Tweets and the­ater en­ter­tain, but Congress is main event

The Denver Post - - OPNION - By Charles Krauthammer

The most amus­ing part of the Trump tran­si­tion has been watch­ing its ef­fort­less con­found­ing of the me­dia, of­ten in fewer than 140 char­ac­ters.

One morn­ing, af­ter a Fox News re­port on lefty nut­ti­ness at some ob­scure New Eng­land col­lege — a flag burn­ing that led a more­con­temptible-than-usual cam­pus ad­min­is­tra­tion to take down the school’s own Amer­i­can flag — Don­ald Trump tweets that flag burn­ers should go to jail or lose their cit­i­zen­ship.

An epi­demic of con­sti­tu­tional chin tug­ging and civil lib­er­tar­ian hair pulling im­me­di­ately breaks out. By the time the me­dia have ex­hausted their out­rage over the loom­ing abo­li­tion of free speech, ju­di­cial supremacy and af­ford­able kale, Trump has moved on. The tem­pest had a shorter halflife than the one pro­voked in Au­gust 2015 by a Trump foray into birthright cit­i­zen­ship.

Trump so thor­oughly owns the po­lit­i­cal stage to­day that the word Clin­ton seems pos­i­tively quaint and Barack Obama, who hap­pens to be pres­i­dent of the United States, is to­tally ir­rel­e­vant.

Trump has mes­mer­ized the na­tional me­dia not just with his elab­o­rate Cabi­net-se­lec­tion pro­duc­tion, by now Broad­way-ready, but with a clus­ter of equally the­atri­cal per­sonal in­ter­ven­tions that by tra­di­tional stan­dards seem dis­tinctly un­pres­i­den­tial.

It’s a mat­ter of size. They seem small for a pres­i­dent. Pre­vent­ing the shut­down of a Car­rier fac­tory in In­di­ana. An­nounc­ing, in a con­text­less 45-sec­ond sur­prise state­ment, a ma­jor Ja­panese in­vest­ment in the U.S. Call­ing for can­cel­la­tion of the new Air Force One to be built by Boe­ing.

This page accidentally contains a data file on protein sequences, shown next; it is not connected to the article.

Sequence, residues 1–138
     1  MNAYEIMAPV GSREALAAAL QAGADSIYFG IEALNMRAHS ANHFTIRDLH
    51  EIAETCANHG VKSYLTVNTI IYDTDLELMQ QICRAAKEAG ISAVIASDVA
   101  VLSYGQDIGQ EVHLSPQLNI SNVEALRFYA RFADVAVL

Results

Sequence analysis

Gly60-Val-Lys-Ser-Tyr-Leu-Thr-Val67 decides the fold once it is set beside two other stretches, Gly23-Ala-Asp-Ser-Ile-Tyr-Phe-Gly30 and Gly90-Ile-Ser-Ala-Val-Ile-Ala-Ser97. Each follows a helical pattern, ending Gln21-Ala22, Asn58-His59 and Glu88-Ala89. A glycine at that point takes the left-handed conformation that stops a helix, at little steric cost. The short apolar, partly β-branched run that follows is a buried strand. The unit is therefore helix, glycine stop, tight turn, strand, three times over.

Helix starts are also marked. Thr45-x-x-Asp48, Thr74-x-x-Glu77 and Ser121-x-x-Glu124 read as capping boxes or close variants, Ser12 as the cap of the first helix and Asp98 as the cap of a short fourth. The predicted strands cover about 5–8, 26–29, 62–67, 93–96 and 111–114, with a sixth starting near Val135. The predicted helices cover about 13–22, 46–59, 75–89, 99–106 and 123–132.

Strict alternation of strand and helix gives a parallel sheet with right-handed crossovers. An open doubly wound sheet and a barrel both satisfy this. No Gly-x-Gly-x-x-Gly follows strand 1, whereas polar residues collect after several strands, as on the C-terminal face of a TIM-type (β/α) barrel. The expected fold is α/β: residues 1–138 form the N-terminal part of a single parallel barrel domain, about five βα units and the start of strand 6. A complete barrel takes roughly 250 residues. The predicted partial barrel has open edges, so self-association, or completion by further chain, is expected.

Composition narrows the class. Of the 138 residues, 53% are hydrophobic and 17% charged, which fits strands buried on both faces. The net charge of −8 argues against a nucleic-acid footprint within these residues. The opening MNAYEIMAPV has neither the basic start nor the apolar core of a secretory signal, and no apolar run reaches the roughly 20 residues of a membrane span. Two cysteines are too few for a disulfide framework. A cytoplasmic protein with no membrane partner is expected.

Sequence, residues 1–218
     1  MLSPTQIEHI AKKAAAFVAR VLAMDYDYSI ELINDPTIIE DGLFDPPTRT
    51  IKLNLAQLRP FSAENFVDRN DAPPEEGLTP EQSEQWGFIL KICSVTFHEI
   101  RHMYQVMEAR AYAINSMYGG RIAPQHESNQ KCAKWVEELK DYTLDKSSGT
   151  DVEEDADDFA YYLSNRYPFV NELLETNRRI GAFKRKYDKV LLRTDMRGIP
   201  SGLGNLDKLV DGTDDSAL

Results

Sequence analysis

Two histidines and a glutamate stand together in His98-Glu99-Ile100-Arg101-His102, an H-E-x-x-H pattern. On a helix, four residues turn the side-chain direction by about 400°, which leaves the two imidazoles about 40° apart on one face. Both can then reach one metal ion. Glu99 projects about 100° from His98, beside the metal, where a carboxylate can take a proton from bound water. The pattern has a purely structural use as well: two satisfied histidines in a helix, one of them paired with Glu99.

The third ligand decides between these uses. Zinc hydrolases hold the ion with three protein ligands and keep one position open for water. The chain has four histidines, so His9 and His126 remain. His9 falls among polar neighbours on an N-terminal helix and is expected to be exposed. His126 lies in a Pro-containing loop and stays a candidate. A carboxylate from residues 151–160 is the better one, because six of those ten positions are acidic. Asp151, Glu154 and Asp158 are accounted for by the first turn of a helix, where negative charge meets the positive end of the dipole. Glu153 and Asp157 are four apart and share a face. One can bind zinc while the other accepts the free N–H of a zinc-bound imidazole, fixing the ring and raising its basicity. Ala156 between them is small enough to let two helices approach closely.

Pretty small stuff. It has the feel of a Cabi­net un­der­sec­re­tary hag­gling with a con­trac­tor or a state gover­nor drum­ming up busi­ness on a Cen­tral Asian trade mis­sion.

Pres­i­dents don’t nor­mally do such things. It shrinks them. But then again, Trump is not yet pres­i­dent. And the point here is less the sub­stance than the sym­bol­ism.

The Car­rier coup was meant to demon­strate the kind of con­cern for the work­ing man that gave Trump the Rust Belt vic­to­ries that car­ried him to the pres­i­dency. The Ja­panese SoftBank an­nounce­ment was a down pay­ment on his prom­ise to be the “the great­est jobs pres­i­dent that God ever cre­ated.” And Boe­ing was an os­ten­ta­tious dec­la­ra­tion that he would be the zeal­ous guardian of govern­ment spend­ing that you would ex­pect from a cru­sad­ing out­sider.

What ap­pears as ran­dom Trumpian im­pul­sive­ness has a logic to it. It’s a con­tin­u­a­tion of the cam­paign. Trump is acutely sen­si­tive to his le­git­i­macy prob­lem, as he showed in his tweet claim­ing to have ac­tu­ally won the pop­u­lar vote, de­spite trail­ing sig­nif­i­cantly in the of­fi­cial count.

The mini-in­ter­ven­tions are work­ing, but there’s a risk for Trump in so per­son­al­iz­ing his com­ing pres­i­dency. It’s a tech­nique bor­rowed from Third World strong­men who spe­cial­ize in demon­strat­ing their per­sonal con­nec­tion to the or­di­nary cit­i­zen. In a gen­uine democ­racy, how­ever, the en­durance of any po­lit­i­cal sup­port de­pends on the larger suc­cess of the coun­try. And that doesn’t come from Car­rier-size fixes. It comes from pol­icy — pol­icy that fun­da­men­tally changes the struc­tures and al­ters the tra­jec­tory of the na­tion.

“I alone can fix it,” Trump ring­ingly de­clared in his con­ven­tion speech. In­deed, alone he can do Car­rier and SoftBank and Boe­ing. But ul­ti­mately he must de­liver on tax re­form, health care, eco­nomic growth and na­tion­wide job cre­ation. That re­quires Congress.

The 115th is Repub­li­can and ready to push through the leg­is­la­tion that gives life to the prom­ises. On his part, Trump needs to avoid need­less con­flict. The Repub­li­can lead­er­ship has al­ready sig­naled strong op­po­si­tion on some is­sues, such as tar­iffs for job ex­porters. Nonethe­less, there is enough com­mon ground be­tween Trump and his con­gres­sional ma­jor­ity to have an enor­mously pro­duc­tive 2017. The chal­lenge will be to stay within the bounds of the GOP con­sen­sus.

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